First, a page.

Biowheels cause too much surface disturbance/allows too much CO2 to escape for a planted tank. Regular HOB filters work fine as long as you have the water level right to the lip of the outlet so it doesn't waterfall. But for a 40+g tank, I agree with the above poster. Canister will be the way to go.
I have had all three, regular HOB's, Biowheel HOB's and cannisters. I've been seeing a lot of posts about Biowheels causing CO2 loss lately and decided to take a logical look at all 3. IMO, all HOB's cause CO2 loss. I don't think it's an issue of Biowheels. The Biowheel itself doesn't hold a lot of H2O as it turns, so I don't think there's a lot of CO2 being exposed to the atmosphere. It's basically just "dipping" the Biowheel media into the return H2O to keep the bacteria damp. If the concern is the amount of agitation caused by the Biowheel on the tank's H2O surface, I don't see that either. If anything, the Biowheel usually causes a "softer" return of H2O to the tank, so the concept of increased agitation of the tank's H2O surface may be more or less a myth. In any event, if you run low enough H2O level you'll always have a lot of surface agitation, regardless of filter type.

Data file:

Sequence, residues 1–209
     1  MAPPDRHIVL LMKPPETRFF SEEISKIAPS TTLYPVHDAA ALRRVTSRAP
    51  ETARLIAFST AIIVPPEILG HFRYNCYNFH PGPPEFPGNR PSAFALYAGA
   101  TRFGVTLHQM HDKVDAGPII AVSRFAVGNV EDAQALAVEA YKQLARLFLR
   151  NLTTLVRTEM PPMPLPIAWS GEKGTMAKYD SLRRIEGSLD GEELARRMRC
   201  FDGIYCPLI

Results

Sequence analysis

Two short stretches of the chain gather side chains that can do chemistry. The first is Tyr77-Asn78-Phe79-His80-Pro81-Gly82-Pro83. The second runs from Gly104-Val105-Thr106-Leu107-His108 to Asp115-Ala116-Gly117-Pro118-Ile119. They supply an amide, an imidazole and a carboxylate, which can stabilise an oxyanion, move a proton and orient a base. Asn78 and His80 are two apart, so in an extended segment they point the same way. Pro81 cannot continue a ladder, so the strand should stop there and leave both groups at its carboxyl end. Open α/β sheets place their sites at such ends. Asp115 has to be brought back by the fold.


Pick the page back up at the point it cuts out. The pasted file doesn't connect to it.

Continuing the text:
The highest H2O/air contact in an HOB is due to the turbulance in the chamber between the pump outlet and the filter media, not at the Biowheel. On almost every HOB design I've looked at, this area is vented or open to the atmosphere. On filters that use foam for biological filtering there's even more H2O surface area exposed to the air to off gas the CO2.
Just my $.02
All that aside, I whole heartedly recommend cannisters. The maintenance is incredibly reduced, and the tank is crystal clear.